Geriatric Emergency Medicine at Hornsby Ku-ring-gai Hospital

Mark Er and David Madzinga 

Hornsby Ku-ring-gai Hospital (HKH) is a major metropolitan hospital located on the northern suburbs of Sydney, NSW, Australia. Our Emergency Department sees roughly 43,000 presentations a year, of which about a quarter of these presentations are in patients aged 65 and over. HKH has over forty residential aged care facilities (RACFs) within its catchment area.

In 2005, HKH developed a service model – the Geriatric Rapid Acute Care Evaluation (GRACE) Team. This initially started as an ED-led model of care, with a Clinical Nurse Consultant providing telephone and in-person support to RACFs, with one of the primary goals being hospital avoidance for geriatric patients. For example, GRACE would provide services like IDC changes and wound care and dressing changes. This service model proved to be very successful and has since been adopted by other Health Districts within NSW.

GRACE has evolved over the years, and Dr Nadia Bowman, who is the current Geriatric Emergency Medicine (GEM) supervisor, was the first ACEM trainee to undertake this GEM special skills term at HKH in 2016. GRACE is currently led by Dr Radhesh Baskaran (Consultant Geriatrician), with the team comprising ourselves (Mark and David), as GEM Registrars, and also Clinical Nurse Consultants. We currently job share the GEM Registrar role, and between the both of us, our time is divided between working with GRACE and also working in the ED.

Days with GRACE are always interesting ones. The day starts with a team huddle and reviewing cases for the day. We receive direct referrals from RACFs and GPs, but also referrals on patients who may have recently been seen and discharged from the ED or even inpatients who have been recently discharged. We discuss and triage referrals and schedule visits to RACFs for the day. Reasons for referral range from non-specific complaints such as lethargy or confusion, to potentially more serious complaints like chest pain. In such scenarios, it may be that the patient and family are declining hospital transfer, which may be due to baseline frailty and expressed wishes for hospital avoidance.

We then drive out to the RACFs to perform our assessment. In the COVID-era, many facilities require us to undergo a COVID-19 Rapid Antigen Test at the doors prior to being allowed entry. Being Emergency Medicine trainees, this opportunity to assess and manage patients in the community, without the same resources that we are accustomed to having, has certainly allowed us to further hone our clinical acumen. For example, we might have to assess a patient with chest pain, without an ECG and troponin result almost immediately at hand, which are things we often take for granted in the ED. We carry equipment packs with us, and if clinically indicated, may insert an IVC and collect blood samples for pathology, which we would then take back to the hospital laboratory to be run. We can also initiate a wide range of IV therapy including antibiotics and diuretics. A key role we play is also in taking the important opportunity to have delicate conversations with patients and their families about what their values are and what our goals of care should be. Depending on the clinical context, we sometimes recommend transfer to ED for further assessment, but more often than not, our aim is hospital avoidance, and we will initiate treatment, and return to review the patient if necessary to monitor their clinical progress.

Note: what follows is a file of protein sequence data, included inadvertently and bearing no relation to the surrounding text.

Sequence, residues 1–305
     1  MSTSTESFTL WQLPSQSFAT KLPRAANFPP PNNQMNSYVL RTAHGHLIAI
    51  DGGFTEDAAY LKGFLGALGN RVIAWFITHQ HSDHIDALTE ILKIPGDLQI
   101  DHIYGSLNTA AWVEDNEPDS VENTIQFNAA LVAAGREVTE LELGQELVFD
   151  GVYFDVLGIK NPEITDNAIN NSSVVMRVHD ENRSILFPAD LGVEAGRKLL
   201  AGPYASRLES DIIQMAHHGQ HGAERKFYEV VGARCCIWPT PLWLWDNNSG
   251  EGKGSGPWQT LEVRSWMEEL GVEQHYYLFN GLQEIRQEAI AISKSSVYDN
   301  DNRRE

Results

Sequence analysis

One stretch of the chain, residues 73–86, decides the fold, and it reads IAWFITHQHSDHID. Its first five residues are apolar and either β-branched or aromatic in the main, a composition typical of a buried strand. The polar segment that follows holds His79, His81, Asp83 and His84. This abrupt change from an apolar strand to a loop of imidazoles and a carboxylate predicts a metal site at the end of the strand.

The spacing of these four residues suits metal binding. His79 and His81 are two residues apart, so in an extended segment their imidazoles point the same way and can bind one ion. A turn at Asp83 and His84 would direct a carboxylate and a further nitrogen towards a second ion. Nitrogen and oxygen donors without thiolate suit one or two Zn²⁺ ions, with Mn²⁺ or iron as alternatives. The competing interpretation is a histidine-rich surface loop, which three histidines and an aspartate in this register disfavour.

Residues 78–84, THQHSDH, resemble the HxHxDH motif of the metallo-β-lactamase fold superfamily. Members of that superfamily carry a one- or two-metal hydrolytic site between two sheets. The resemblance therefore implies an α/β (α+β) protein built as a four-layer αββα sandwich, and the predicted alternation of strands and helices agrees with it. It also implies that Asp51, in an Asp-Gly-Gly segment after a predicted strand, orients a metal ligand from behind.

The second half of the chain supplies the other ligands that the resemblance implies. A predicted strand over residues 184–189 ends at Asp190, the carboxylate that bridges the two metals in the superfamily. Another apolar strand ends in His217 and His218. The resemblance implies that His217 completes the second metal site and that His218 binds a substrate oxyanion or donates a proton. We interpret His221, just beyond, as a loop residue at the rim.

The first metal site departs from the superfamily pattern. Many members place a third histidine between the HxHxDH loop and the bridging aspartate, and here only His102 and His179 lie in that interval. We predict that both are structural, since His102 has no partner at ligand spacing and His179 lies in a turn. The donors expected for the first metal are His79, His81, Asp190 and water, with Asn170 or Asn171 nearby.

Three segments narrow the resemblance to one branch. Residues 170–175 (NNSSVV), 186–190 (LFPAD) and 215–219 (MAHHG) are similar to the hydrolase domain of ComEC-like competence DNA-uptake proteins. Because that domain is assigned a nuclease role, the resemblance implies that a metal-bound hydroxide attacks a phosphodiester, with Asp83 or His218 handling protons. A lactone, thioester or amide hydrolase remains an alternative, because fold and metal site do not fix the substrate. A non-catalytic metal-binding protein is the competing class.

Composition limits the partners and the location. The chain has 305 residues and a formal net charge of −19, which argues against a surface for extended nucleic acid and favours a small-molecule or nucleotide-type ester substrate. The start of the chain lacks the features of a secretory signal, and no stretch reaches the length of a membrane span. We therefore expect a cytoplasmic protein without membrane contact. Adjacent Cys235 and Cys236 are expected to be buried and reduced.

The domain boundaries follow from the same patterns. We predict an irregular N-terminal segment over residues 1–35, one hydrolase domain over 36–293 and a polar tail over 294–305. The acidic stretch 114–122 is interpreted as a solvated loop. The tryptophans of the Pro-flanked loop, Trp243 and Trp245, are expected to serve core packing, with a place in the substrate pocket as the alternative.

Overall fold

The team also monitors the online NSW ambulance portal, where all calls are logged, to try and identify appropriate patients that we may be able to review in the community, and hence avoiding a hospital transfer if able. With each presentation to ED being an exposure risk for vulnerable patients, especially in the age of COVID-19, the role of GRACE is ever more important in trying to keep patients at home if possible.

The rest of our time as GEM Registrars is spent working in the ED, where we have clinical and non-clinical roles. Our clinical roles include the supervision of junior doctors in their assessment and management of geriatric patients. We also work closely with the Aged Care Services Emergency Team (ASET), which plays an important role in assessing the supports that geriatric patients have in the community, and taking steps to provide more support for our patients if required.

We are also involved in a variety of non-clinical and quality improvement areas. For example, we have held a GEM workshop for ED trainees, and are also involved in individual projects. Mark is currently collaborating with the Emergency Care Institute (ECI) NSW on updating their Geriatric Clinical Guidelines. David is co-authoring some chapters of a proposed geriatric emergency manual.

We have been very fortunate in our role as GEM Registrars to be able to develop both clinical and non-clinical skills that help us develop as Emergency Physicians, while making a meaningful impact on care provided to geriatric patients. GEM registrars work under the supervision of a Director of Geriatric Emergency Medicine, who is currently Dr Nadia Bowman.

ACEM Trainees who are interested in undertaking a Geriatric EM placement at HKH are welcome to contact Dr Nadia Bowman – [email protected]